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The Grand Canyon was not always a national park: The Grand Canyon was first designated a national monument by President Theodore Roosevelt in 1908, and it was not until 1919 that it became a national park. Today, the Grand Canyon is one of the most popular tourist destinations in the world.
Navajo County, located in the northeastern part of the state of Arizona, has a rich and diverse history that spans thousands of years. The area was originally inhabited by various Native American tribes, including the Navajo, Apache, and Hopi. These tribes lived in harmony with the land, relying on hunting, gathering, and agriculture for their sustenance.

In the 16th century, Spanish explorers ventured into the region, seeking gold and new territory. They encountered the Navajo and Apache, but faced resistance and were unable to establish a permanent presence. The Spanish influence, however, brought significant changes to the area, including the introduction of livestock and new crops, such as wheat and fruit trees.

In the mid-19th century, the United States government sought to establish control over the Southwest and displaced many Native American tribes, including the Navajo. This led to a series of conflicts between the U.S. military and the Native American tribes, ultimately resulting in the forced removal of thousands of Navajo people from their ancestral lands, known as the Long Walk of the Navajo.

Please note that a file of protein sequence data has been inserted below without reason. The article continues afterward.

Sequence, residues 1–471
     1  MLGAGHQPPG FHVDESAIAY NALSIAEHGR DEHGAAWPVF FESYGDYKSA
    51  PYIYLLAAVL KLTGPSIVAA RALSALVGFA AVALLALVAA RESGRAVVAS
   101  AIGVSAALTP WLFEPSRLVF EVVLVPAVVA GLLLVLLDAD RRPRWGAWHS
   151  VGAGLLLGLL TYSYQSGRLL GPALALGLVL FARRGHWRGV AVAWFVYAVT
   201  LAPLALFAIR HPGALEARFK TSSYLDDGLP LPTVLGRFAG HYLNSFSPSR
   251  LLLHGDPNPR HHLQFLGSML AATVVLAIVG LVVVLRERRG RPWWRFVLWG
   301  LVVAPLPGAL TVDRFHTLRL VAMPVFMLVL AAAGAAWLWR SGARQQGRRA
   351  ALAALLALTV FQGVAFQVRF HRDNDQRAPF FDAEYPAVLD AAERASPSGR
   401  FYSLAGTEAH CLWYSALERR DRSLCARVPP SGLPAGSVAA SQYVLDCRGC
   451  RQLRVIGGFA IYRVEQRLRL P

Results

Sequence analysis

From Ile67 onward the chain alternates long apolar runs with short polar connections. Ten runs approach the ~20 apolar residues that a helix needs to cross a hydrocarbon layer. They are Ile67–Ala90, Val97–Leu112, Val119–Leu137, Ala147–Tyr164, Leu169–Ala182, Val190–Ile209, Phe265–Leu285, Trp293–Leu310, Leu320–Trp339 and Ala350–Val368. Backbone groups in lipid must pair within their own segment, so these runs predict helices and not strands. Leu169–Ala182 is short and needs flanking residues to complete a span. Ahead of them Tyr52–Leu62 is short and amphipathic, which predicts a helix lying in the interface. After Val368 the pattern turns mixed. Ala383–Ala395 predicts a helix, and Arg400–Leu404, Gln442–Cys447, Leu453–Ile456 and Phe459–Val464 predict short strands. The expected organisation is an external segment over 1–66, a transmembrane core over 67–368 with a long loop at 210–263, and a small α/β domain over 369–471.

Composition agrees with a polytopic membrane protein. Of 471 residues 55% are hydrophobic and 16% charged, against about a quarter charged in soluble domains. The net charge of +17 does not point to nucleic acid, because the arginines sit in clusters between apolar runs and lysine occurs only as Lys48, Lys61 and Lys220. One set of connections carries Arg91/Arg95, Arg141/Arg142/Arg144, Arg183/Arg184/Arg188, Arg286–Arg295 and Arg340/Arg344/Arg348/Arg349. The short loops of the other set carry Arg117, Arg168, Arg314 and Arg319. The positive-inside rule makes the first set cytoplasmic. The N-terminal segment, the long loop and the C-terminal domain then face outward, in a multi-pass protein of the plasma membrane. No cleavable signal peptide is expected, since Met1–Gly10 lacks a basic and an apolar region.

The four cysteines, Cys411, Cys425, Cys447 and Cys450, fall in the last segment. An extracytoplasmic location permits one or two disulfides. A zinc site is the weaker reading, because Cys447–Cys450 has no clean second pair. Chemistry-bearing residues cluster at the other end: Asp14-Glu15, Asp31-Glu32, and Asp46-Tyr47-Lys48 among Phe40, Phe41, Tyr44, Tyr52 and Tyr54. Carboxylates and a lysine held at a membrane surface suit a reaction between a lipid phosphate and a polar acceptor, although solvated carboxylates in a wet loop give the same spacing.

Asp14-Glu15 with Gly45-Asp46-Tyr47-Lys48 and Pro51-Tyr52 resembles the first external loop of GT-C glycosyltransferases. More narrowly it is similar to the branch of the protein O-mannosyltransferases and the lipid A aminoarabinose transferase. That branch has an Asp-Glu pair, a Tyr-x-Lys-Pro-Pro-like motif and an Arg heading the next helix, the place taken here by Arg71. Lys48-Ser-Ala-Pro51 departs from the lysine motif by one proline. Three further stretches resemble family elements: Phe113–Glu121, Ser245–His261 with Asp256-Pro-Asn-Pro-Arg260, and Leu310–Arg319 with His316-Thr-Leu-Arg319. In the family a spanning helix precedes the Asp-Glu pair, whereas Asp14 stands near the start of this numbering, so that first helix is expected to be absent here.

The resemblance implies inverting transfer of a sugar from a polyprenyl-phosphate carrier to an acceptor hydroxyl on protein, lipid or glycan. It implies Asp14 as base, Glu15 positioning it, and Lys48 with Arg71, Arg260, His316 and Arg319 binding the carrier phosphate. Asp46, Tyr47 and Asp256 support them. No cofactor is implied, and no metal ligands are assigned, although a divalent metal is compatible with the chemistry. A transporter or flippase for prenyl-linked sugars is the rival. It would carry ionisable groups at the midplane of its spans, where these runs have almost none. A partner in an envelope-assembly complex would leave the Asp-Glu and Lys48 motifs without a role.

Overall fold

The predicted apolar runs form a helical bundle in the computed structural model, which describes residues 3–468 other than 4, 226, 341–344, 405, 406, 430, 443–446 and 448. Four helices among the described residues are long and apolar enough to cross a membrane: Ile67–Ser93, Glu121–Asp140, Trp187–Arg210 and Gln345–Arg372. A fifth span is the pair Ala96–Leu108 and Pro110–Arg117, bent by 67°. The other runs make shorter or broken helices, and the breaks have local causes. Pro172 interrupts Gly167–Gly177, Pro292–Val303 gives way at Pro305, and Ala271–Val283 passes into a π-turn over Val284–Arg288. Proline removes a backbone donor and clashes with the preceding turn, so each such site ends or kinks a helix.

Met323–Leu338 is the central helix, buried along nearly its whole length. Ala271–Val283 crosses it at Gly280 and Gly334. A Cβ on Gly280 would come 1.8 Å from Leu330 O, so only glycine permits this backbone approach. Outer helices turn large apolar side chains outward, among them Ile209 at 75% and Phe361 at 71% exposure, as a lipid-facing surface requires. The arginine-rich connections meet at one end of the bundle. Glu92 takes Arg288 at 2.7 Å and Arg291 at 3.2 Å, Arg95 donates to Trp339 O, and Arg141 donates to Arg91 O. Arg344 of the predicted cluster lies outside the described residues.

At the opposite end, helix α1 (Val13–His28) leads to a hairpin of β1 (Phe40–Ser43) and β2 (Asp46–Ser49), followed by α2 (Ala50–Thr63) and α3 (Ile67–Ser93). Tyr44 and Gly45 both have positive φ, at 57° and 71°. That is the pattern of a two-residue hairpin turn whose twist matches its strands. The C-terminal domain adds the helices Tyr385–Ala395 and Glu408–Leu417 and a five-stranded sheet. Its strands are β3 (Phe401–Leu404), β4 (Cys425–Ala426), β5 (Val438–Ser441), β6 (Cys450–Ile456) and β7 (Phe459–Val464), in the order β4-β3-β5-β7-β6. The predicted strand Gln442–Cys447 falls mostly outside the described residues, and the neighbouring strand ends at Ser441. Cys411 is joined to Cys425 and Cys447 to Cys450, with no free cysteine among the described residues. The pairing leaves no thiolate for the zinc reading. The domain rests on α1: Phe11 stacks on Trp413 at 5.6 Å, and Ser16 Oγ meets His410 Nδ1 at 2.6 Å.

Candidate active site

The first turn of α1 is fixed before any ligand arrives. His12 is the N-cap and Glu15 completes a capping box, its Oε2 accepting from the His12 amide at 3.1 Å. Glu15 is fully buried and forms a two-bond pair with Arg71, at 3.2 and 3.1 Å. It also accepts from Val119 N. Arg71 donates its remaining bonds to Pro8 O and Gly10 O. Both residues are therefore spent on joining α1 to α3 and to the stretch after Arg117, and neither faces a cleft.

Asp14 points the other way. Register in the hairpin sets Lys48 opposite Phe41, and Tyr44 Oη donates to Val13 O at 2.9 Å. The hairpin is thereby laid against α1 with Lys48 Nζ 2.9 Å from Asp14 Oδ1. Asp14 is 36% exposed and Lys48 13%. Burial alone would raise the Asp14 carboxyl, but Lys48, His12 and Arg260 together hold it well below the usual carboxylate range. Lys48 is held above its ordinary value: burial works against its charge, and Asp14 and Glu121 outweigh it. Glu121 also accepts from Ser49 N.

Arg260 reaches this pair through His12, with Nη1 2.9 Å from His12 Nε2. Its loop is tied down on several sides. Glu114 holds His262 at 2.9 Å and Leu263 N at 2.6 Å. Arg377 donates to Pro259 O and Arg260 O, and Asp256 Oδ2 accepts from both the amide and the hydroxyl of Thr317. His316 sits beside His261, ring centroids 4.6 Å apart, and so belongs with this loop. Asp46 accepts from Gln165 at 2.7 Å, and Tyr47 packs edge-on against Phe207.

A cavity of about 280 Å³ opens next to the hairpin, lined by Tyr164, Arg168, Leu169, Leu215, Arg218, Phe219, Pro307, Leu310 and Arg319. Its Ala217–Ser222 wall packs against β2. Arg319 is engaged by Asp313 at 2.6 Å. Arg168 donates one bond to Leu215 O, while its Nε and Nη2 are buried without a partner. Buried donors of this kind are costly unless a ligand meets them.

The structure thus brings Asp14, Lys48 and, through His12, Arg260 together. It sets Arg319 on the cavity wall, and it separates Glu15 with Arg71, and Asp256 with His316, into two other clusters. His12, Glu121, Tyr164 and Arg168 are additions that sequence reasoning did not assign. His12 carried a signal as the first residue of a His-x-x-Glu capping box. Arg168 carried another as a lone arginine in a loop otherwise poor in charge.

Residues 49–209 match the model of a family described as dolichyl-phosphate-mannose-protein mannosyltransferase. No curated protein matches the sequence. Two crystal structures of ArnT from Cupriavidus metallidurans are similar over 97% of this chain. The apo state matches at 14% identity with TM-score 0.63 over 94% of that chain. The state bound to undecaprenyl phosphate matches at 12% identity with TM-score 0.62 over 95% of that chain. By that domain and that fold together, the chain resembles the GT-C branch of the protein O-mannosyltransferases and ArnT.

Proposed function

After the Civil War, the region began to experience significant growth with the arrival of settlers and the expansion of the railroad. Navajo County was officially established in 1895, named after the Navajo people who had once inhabited the area. Ranching, mining, and agriculture played significant roles in the county's early economy. Over time, the county developed into a center for tourism, outdoor recreation, and education, with attractions such as the Petrified Forest National Park and the Navajo Nation Reservation drawing visitors from around the world.

Today, Navajo County continues to honor and preserve its rich cultural heritage while embracing new opportunities for economic development and growth. It remains a vibrant and diverse community that showcases the unique history and traditions of the Navajo and other Native American tribes.

This timeline provides a glimpse into the major events and milestones that have shaped the history of Navajo County, Arizona.

  • 1879 - Navajo County is established by the Arizona Territorial Legislature.
  • 1880 - Holbrook is designated as the county seat.
  • 1896 - The first courthouse in Holbrook is constructed.
  • 1901 - The Navajo Indian Reservation is expanded, spreading into parts of Navajo County.
  • 1926 - Petrified Forest National Monument is established in Navajo County.
  • 1942-1945 - Navajo County is home to the Navajo Code Talkers, who played a critical role in World War II.
  • 1958 - The Navajo Generating Station, a major coal-fired power plant, begins operations near Page.
  • 1964 - The County Courthouse is relocated from Holbrook to its current location in Show Low.
  • 1970 - The closure of the Navajo Army Depot has a significant economic impact on the county.